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China Engaged In 'Grey Zone' War With Australia, Top General Says

Tensions remain high between Australia and China with the troubled relationship sparking trade strikes from Beijing.

China labelled Home Affairs boss Mike Pezzullo a troublemaker after he warned "the drums of war are beating" and raised the prospect of armed conflict last week.

Major-General Adam Findlay reportedly gave a confidential briefing to Australia's special forces soldiers last year, warning of a high likelihood of conflict.

According to The Sydney Morning Herald and The Age, General Findlay identified China as the main regional threat and said Beijing was already engaged in "grey zone" warfare against Australia.

Defence Minister Peter Dutton last month said a war over Taiwan could not be discounted.

China has accused Australia of meddling in its affairs over criticism of appalling human rights abuses against Muslims in Xinjiang and reacted angrily to telecommunications giant Huawei being banned from the 5G network.

Meanwhile, Scott Morrison insists the government will not jump to conclusions as Defence reviews a Chinese's company's 99-lease of the Port of Darwin.

With relations between Canberra and Beijing in the doldrums, the government has announced it will reassess the national security implications of state-owned Landbridge's lease.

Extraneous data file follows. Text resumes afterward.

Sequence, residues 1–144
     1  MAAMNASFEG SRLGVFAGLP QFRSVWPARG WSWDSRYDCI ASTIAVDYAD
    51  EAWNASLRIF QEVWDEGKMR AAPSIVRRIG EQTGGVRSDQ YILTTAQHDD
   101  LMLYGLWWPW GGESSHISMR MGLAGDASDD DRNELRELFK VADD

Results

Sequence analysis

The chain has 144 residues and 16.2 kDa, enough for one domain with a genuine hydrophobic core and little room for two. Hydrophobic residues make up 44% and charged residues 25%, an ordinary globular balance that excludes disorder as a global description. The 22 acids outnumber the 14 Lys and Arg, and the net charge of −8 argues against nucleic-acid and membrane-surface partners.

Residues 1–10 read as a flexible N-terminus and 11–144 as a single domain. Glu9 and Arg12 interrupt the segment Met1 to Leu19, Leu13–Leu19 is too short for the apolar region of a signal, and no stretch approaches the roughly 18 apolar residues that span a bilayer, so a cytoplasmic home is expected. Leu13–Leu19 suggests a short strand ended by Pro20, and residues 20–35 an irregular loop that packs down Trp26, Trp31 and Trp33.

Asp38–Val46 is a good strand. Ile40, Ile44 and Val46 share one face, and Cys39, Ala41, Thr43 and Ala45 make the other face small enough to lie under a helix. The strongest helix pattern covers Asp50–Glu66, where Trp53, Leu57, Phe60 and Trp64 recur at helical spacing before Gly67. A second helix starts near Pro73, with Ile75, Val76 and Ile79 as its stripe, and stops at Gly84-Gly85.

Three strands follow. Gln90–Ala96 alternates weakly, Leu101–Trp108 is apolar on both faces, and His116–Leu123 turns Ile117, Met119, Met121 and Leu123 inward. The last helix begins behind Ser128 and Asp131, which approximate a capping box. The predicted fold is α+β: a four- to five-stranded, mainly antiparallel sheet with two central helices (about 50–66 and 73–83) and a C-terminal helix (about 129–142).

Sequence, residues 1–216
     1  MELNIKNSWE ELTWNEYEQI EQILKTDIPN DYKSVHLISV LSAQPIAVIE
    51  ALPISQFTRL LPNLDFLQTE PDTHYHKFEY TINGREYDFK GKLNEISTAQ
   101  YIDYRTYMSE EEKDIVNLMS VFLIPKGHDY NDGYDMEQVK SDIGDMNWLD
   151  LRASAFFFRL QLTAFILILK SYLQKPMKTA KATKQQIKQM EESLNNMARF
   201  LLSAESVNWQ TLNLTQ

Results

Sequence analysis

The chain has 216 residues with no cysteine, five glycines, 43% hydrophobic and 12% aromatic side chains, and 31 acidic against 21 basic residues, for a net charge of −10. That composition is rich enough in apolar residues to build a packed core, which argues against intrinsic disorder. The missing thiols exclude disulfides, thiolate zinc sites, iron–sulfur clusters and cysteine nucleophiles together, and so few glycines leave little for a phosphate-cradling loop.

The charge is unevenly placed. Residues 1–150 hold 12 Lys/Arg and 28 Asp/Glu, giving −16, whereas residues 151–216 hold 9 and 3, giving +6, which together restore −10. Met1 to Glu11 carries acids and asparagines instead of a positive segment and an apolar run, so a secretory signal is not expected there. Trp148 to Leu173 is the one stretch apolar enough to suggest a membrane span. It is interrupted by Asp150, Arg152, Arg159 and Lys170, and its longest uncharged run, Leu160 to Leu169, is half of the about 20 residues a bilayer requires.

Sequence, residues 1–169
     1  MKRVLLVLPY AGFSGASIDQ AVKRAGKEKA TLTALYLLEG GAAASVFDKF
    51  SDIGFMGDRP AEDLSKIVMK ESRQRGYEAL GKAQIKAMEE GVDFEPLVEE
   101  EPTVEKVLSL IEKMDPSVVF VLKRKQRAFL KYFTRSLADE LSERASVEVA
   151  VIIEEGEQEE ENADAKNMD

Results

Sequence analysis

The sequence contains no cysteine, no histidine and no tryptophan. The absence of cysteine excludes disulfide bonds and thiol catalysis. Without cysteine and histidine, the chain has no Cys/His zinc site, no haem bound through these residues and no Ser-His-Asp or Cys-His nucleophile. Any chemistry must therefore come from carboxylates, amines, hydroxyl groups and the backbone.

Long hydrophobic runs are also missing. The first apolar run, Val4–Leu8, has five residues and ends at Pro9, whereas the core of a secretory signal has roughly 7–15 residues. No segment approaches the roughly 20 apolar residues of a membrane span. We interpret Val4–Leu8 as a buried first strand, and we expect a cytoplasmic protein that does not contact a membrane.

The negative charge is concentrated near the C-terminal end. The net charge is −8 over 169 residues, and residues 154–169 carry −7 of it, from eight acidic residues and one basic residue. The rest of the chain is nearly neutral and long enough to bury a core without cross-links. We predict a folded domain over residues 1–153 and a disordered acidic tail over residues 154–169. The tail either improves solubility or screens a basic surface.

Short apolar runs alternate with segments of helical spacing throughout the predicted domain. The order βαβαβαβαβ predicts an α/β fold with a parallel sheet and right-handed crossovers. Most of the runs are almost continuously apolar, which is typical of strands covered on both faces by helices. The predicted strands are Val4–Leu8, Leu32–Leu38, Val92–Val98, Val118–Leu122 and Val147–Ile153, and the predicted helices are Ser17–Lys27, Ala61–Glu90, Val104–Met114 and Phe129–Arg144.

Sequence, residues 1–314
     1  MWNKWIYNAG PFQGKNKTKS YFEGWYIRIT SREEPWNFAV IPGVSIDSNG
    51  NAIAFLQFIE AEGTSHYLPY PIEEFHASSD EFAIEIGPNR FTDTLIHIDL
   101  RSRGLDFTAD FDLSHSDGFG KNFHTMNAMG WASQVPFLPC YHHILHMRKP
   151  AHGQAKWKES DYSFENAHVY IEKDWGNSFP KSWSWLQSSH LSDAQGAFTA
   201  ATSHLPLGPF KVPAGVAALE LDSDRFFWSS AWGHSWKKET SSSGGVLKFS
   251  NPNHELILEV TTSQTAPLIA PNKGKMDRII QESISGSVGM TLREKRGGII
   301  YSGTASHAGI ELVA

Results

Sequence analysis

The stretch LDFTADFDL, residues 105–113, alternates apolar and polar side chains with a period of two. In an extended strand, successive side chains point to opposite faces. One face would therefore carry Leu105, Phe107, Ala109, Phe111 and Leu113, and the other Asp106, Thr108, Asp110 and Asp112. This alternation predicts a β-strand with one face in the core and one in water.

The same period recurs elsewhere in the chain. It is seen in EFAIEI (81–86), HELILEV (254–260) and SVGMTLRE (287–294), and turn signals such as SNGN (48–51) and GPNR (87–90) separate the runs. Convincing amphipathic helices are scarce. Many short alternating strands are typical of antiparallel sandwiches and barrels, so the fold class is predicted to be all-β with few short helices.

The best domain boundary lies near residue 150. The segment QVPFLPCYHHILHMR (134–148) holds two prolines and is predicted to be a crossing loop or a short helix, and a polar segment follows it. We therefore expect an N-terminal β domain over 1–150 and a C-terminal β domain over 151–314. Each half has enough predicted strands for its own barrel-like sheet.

The prime minister said he would not pre-empt any fresh advice on the port.

"I'm not jumping to the next step," he told the Seven Network on Tuesday.

"This is a matter for our security and defence agencies to advise if there's been any change in the security status of those port arrangements."

Mr Morrison said the Port of Darwin was a name for a specific part of the area rather than the entire port.

"It is one section. It's not where our military and defence facilities are, that's in another area," he said.

Foreign Affairs Minister Marise Payne rebuked China for striking deals with developing nations that potentially saddle those countries with debt under its Belt and Road initiative.

"We do not try to buy influence to advantage our individual countries," she wrote in an opinion piece in The Australian.

"Rather, we know that a stable, secure neighbourhood of sovereign states, in which we have networks of familiarity and trust, are good, safe places for our people to live and thrive."

Senator Payne said Australia's focus was on solving practical problems to create regional and global stability.

"Not because by doing so we expect to achieve targeted ­influence in individual countries that we pick off as notches on our belts."